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HY-100


scruffy forge

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I got my hands on a piece of hy-100 steel. I know nothing about this type of metal. It is 3/4in thick by 1ft wide and 3ft long. im new to making knives and would like to use it for this purpose. Would this make a good knife? If so how do I go about tempering and heat treating it?

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Did yoiu google and ask for the specs on it? that will tell yoiu wot it has in it,,and you can compare that to wot it takes to make a good blade....The site shouild also have heat treat information if it is a steel that be helped by that.....And there are the knife makings lessons and heat treating data on this site...may be worth a lookl

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I did look on google, there isnt much on useing it for a knife. all i have found is that it is a structural steel and that the HY stands for high yeld. I have played with it a bit, and made a few knive as a keepsake for some friends. I more or less was wanting to know if anyone has heard of it and knows weather it would be a good material for a functional knife.

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Does it give the alloy and carbon content?  IF so it's told you all you need to know about using it for knives.

 

Didn't even need to follow a link from the google page

 

"HY100, This quenched and tempered low-carbon alloy steel finds uses as pressure vessels, heavy construction equipment, and in large steel structures"   From MatWeb

 

So tough and gooey rather than hard and edge holding.  Not a knife alloy!

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  • 9 years later...

I know I'm 9 years late but here's what I can tell you. I build nuclear submarines and work with this steel all the time. What the numbers represent is tensile strength. HY-80 is incredibly strong. HY-80 is meant to hold up to 80,000 psi (pulling on it), before breaking and HY-100 can hold up to 100,000 psi. Normally, with blade making this may not be the right type of steel, unless you want to use it for tug of war. I'm no blacksmith, so I could be wrong; The thinner you make it (especially using a forge) you could potentially change the integrity of it, and it may actually be far less superior as a blade, than traditional crucible steel, because it's more pure and has less carbon already. Even though it has enough to be somewhat flexible, it needs to be able to withstand a direct torpedo impact, etc. I work with it enough to understand it but am no expert, so like I said... I could be wrong. Others may have already addressed this but I didn't read the comments, so I may have repeated some things.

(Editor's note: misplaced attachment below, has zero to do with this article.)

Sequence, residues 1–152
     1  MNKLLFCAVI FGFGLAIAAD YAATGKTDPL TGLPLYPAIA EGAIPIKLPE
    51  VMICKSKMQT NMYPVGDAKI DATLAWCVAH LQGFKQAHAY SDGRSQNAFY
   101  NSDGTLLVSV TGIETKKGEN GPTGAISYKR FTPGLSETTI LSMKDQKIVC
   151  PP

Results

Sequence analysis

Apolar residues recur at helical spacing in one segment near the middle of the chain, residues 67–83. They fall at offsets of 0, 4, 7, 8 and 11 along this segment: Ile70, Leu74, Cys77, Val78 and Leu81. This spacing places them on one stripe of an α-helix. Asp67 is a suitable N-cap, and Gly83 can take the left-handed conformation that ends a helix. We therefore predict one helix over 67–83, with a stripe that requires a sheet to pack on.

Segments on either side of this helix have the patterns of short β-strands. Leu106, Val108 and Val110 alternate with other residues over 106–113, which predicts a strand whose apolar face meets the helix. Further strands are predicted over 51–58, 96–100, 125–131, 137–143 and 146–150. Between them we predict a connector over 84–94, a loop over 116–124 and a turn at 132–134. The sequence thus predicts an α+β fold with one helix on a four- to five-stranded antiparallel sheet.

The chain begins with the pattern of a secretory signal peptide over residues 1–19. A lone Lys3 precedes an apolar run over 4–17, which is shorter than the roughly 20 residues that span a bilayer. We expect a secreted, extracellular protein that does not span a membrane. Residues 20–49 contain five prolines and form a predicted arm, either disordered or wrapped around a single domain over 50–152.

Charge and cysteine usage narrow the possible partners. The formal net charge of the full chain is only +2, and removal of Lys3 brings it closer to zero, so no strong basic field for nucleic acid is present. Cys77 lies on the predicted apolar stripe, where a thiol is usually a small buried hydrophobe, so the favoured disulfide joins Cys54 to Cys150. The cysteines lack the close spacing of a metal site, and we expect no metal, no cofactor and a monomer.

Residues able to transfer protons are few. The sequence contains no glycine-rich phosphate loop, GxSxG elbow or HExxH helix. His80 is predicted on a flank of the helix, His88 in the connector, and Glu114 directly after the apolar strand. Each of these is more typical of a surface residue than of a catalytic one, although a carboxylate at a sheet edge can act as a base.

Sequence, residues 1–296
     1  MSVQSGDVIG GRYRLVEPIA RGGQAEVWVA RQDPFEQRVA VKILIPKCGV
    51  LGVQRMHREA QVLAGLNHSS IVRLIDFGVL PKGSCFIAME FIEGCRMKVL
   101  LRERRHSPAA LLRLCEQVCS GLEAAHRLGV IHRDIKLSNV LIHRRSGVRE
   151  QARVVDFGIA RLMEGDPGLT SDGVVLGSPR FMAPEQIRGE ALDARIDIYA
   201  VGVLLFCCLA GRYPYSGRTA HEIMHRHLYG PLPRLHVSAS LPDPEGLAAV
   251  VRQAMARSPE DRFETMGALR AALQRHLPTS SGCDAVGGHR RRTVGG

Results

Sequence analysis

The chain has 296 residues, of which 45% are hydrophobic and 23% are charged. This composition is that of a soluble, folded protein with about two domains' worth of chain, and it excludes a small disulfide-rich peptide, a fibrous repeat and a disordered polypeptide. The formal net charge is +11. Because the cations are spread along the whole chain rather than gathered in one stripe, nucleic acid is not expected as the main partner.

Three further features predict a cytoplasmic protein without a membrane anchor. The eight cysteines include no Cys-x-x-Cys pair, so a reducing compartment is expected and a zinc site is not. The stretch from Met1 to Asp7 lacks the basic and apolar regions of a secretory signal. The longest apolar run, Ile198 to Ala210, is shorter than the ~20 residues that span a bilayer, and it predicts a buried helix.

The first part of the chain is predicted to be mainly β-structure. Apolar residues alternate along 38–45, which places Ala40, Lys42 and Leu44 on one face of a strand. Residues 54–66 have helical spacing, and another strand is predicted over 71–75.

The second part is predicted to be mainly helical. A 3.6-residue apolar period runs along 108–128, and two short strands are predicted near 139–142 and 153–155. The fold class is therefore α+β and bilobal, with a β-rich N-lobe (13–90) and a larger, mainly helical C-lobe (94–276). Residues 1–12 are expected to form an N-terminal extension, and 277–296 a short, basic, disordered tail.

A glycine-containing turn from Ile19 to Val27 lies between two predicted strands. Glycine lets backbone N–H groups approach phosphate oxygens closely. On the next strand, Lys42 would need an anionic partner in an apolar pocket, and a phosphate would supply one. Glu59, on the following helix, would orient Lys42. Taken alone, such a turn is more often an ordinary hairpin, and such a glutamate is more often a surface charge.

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Welcome aboard, glad to have you. Thank you for serving. If you'll put your general location in the header you'll have a better chance of meeting up with members living within visiting distance.

Yes, HY-80, etc. has been discussed regarding it's unsuitability as a blade steel. It's good to get further confirmation though. Your post raises a question from me though, are the HY series of steels amorphous?

My understanding is heat treatment is the key to producing amorphous steels so forging it at home would pretty much destroy the property. 

Frosty The Lucky.

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Hey I have a block or two of Polaris missile sub steel around,  came from a University with a welding research group.  But yup; not a good blade steel.  An excellent steel alloy but not for blades.  People seem to think that high quality alloys should make good knives; unfortunately "high quality alloy" means designed for a specific purpose and so excellent for that purpose; but most of those purposes are not blades!

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